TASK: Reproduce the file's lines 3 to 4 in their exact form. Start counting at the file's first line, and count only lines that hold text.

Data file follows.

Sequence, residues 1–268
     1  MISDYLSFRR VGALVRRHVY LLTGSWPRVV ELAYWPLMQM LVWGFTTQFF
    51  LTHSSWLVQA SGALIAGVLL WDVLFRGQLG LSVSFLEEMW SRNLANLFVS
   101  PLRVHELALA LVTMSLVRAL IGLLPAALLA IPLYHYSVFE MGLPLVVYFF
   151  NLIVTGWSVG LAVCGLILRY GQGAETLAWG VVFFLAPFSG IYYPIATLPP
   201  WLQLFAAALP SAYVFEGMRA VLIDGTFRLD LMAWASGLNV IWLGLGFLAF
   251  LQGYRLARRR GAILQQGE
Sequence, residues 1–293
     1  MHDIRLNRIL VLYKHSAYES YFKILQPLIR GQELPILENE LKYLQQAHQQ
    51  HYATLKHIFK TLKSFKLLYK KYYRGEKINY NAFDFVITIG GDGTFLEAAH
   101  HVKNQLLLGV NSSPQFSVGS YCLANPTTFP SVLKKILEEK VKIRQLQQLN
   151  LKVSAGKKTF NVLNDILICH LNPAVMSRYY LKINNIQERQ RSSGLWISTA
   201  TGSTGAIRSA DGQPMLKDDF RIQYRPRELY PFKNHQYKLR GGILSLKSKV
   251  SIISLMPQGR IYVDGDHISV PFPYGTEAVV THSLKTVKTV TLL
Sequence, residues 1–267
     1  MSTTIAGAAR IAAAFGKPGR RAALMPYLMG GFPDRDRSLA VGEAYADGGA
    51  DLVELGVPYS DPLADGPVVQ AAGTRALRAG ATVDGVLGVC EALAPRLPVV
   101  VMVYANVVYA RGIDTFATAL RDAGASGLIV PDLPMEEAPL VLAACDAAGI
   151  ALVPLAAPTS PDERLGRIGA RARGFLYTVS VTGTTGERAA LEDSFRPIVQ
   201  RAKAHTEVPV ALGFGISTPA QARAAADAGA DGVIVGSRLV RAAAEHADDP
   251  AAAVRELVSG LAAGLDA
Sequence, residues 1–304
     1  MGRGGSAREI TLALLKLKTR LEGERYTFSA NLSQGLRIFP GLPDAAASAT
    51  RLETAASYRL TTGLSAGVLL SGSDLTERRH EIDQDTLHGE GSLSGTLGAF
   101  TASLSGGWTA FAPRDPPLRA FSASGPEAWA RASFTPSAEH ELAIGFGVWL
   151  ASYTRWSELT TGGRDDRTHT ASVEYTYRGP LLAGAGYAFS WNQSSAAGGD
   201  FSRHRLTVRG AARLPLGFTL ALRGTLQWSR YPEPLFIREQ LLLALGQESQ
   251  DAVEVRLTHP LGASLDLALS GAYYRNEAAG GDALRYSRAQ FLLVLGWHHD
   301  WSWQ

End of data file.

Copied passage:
    51  LTHSSWLVQA SGALIAGVLL WDVLFRGQLG LSVSFLEEMW SRNLANLFVS
   101  PLRVHELALA LVTMSLVRAL IGLLPAALLA IPLYHYSVFE MGLPLVVYFF